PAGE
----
This weekend, The Baltimore Sun reported a fire and deadly shooting in Woodlawn, Maryland. The fire was at the home of a 56-year-old man who for years claimed that the federal government surveilled him. He accused neighbors of being involved in this government surveillance. The neighbors recounted that he would sometimes march up and down the sidewalk with a gun or yell accusations from his porch through a bullhorn. On Saturday, authorities say the man attacked four people, killing three of them, before he was killed himself by Baltimore County Police officers.
That’s the day we ran out of time to intervene in the man’s behavior. But if we want to prevent another such occurrence, we must take inventory of the tools we have available, determine whether they were used in this case, and if they weren’t, how we can ensure that they’re implemented in the future.
While we will learn more about this case as the forensic examination continues, current information reads just like psychiatric clinical cases from my time in emergency psychiatry- or psychosis- clinic. There is some chance we might learn that the man was truly being surveilled by the federal government. Nevertheless, given the prevalence of psychotic disorders and the consistency of this man’s apparent paranoia over the years, there is a possibility that he had psychiatric illness. For most patients, this is treatable and may require emergency psychiatric evaluation to initiate treatment.
When I encountered these people in clinics, emergency departments or psychiatric inpatient units — I have been in position to directly treat and mitigate psychiatric conditions. The concern is for community members who do not make it to treatment before some damage is done. May 8 may be an example of the latter.
From the information available, it seems a Petition for Emergency Evaluation could have been requested for this man at different points over the years. Health care providers and police officers sometimes call this an “EP.” Under Maryland law, the EP can be requested based on observations that are concerning for someone having a mental disorder and presenting a danger to life and safety of others or themselves. The petition can be requested by clinical professionals, peace officers or “any other interested person.” Once the petition is given to a peace officer, the petitioned will be detained by police and brought to an Emergency Medical facility. Once at the facility, two psychiatrists (or one psychiatrist and one psychologist) must evaluate the detainee for possible involuntary psychiatric admission. Once the potential patient is involuntarily detained, providers can use antipsychotic medications to safely treat the paranoid delusions.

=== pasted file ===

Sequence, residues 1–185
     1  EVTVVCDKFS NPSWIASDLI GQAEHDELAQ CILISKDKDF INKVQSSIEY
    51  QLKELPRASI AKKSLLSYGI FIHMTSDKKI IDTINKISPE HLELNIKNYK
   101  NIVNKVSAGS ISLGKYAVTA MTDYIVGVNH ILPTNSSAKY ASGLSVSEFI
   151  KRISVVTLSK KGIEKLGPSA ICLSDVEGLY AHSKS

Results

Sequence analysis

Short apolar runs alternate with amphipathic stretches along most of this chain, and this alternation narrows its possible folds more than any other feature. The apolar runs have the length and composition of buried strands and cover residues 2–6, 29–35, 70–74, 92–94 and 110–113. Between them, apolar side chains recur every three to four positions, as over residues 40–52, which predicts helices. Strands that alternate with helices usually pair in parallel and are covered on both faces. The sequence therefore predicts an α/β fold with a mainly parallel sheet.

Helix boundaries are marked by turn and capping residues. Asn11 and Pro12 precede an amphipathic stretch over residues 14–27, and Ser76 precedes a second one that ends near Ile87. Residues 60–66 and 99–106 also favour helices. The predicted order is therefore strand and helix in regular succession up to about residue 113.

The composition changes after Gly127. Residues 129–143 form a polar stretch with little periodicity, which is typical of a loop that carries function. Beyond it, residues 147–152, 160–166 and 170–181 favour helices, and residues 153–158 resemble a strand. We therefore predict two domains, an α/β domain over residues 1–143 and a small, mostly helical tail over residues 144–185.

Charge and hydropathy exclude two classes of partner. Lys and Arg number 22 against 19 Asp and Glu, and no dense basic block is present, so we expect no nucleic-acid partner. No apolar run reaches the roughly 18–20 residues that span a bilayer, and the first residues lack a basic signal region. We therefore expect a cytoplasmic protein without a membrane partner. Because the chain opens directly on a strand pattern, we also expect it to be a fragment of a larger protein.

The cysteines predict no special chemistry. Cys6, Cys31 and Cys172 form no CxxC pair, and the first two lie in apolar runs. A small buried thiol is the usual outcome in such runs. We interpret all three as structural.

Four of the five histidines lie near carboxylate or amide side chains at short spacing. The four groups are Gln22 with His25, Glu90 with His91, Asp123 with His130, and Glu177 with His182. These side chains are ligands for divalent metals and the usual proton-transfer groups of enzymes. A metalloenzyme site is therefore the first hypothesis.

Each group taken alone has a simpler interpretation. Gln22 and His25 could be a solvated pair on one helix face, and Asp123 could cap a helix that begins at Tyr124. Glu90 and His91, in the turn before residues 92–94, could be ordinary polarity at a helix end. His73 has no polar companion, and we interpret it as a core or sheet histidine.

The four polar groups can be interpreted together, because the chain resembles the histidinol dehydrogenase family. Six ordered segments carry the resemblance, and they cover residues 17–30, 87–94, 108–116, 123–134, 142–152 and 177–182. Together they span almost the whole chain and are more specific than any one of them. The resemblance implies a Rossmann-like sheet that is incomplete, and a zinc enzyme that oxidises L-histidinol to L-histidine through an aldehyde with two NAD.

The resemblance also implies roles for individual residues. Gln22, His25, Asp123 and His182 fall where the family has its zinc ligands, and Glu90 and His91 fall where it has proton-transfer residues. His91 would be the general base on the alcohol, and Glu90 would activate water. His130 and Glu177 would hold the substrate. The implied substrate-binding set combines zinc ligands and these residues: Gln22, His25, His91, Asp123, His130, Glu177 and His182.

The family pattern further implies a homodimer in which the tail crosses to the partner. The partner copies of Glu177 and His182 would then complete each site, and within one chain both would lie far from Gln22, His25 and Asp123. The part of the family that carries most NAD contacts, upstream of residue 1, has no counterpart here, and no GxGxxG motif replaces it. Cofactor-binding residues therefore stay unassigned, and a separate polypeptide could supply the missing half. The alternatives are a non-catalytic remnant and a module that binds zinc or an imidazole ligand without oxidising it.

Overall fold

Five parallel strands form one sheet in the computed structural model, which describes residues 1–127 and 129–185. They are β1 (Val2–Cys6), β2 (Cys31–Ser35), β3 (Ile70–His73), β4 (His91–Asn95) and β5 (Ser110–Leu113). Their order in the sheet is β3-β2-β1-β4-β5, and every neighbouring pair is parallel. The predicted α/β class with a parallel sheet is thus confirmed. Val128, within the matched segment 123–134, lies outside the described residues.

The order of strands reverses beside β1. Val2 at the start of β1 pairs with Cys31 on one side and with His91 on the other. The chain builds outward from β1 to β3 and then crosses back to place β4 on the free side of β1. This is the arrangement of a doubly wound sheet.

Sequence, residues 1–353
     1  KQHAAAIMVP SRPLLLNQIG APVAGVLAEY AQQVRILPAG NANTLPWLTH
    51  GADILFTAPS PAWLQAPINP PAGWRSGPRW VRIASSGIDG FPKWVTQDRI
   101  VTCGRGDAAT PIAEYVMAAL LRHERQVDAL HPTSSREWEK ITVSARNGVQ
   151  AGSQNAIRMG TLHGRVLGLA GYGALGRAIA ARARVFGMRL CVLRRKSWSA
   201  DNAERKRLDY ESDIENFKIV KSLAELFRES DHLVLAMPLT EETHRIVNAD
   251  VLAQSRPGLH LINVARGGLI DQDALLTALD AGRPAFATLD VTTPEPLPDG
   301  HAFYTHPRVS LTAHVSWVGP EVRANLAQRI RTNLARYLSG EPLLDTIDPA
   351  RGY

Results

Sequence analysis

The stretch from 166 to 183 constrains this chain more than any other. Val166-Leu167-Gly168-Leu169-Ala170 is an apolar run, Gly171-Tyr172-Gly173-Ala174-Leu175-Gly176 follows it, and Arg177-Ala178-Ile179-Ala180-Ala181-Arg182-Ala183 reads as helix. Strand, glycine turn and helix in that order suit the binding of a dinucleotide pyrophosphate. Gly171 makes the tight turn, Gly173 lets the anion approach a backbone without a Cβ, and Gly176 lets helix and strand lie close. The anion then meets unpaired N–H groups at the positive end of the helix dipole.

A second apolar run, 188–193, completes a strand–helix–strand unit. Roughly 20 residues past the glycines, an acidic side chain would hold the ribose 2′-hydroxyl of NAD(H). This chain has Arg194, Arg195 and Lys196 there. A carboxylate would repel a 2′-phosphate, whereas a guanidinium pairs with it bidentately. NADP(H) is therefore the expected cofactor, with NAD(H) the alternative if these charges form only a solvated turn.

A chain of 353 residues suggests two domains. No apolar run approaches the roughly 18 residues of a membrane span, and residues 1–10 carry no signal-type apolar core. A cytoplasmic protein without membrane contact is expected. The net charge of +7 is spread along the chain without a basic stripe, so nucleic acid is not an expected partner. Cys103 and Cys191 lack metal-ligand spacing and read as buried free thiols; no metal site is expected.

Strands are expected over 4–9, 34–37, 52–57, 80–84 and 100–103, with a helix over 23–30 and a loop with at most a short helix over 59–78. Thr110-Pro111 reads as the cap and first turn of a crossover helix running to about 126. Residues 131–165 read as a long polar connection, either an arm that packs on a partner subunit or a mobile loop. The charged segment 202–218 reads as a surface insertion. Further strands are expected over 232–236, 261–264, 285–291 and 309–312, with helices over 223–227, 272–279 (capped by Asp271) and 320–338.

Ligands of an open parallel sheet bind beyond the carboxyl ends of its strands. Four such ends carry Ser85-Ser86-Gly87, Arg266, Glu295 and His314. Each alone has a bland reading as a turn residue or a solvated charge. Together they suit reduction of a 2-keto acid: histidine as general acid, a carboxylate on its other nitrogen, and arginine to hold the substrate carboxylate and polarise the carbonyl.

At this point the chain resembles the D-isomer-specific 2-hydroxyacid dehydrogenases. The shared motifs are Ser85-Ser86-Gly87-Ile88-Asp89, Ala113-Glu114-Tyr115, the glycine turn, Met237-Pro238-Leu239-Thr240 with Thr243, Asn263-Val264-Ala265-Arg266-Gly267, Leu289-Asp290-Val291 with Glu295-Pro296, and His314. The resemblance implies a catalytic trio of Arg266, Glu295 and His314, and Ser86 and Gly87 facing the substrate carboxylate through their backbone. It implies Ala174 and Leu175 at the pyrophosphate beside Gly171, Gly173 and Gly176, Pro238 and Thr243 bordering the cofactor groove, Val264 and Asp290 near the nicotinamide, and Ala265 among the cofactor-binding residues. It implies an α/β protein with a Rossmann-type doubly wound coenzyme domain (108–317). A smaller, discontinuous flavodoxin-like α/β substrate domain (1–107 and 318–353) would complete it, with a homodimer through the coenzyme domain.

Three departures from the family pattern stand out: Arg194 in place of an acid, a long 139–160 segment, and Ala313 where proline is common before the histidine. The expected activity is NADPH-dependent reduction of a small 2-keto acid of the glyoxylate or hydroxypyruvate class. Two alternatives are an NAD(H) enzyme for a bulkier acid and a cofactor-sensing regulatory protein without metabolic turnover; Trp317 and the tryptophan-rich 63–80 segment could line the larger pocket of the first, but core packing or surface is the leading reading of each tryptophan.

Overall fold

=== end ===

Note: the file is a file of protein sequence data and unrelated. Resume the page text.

The next tool to prevent harm is the Extreme Risk Protection Order (ERPO). The ERPO is a mechanism to remove firearms from the possession of people who pose “an immediate and present danger of causing personal injury to self or others by having firearms.” In addition, the person of concern cannot purchase or possess other firearms. Spouses, partners, family members, cohabitants, law enforcement, and clinical professionals can petition for the ERPO. Regarding the May 8 events, a petition for ERPO may have been appropriate, based on the reports of potential paranoid delusions and brandishing a weapon in front of neighbors. When needed, ERPOs have a contingency plan to initiate an EP as well.
Finally, Maryland’s Mobile Crisis Teams (MCTs) are available to respond to “mental, behavioral or emotional crises.” These teams include licensed mental health professionals alongside specially trained police officers in plain clothes. This would contrast with uniformed officers arriving to a mental health crisis and ready to use deadly force. Before the May 8 fire, there may have been opportunities to engage a MCT on the case. The concerns of neighbors were clear as one told The Sun that man was “like a ticking bomb” for a significant time. In contrast, neighbors who experienced the May 8 event felt calls to police had been fruitless: “I was like, ‘Do you all want him to commit a crime before you guys come out to help us?’ and they [police] said, ‘Yes, that is the Maryland law.’ "
The May 8 fire and shooting is still under investigation, and we may learn that EPs, ERPOs, and MCTs were engaged at some point. But given how threatening the man was in the community, and in possession of a gun on May 8, I do not find it likely that the EP, ERPO or MCT were currently engaged for him.
This leads to my greater concern, that many Maryland residents may not know their rights to initiate these clinical interventions. ERPO was only recently passed in 2018, and MCTs have diffused across the state in recent years. Researchers at Johns Hopkins found that 70% of their surveyed house staff (physicians in training) had little to no knowledge of ERPO. After ERPO was briefly described to them, over 90% said they believe they have seen patients who would have qualified for an ERPO.
While Baltimore’s venerable medical institutions train their house staff to understand and utilize ERPO, it is probably time for all of Maryland’s residents to become familiar with EPs, ERPO and MCTs. These interventions will only protect communities if they are initiated correctly. Then, perhaps, we will have less stories like the fire and shooting of May 8.
Arkaprava Deb (ArkaDeb.Baltimore@gmail.com) is a psychiatrist and preventive medicine physician working in Baltimore City. He is also the Director of Public Psychiatry Education at SUNY Downstate College of Medicine and Director of Psychiatric Services at The Door in New York City.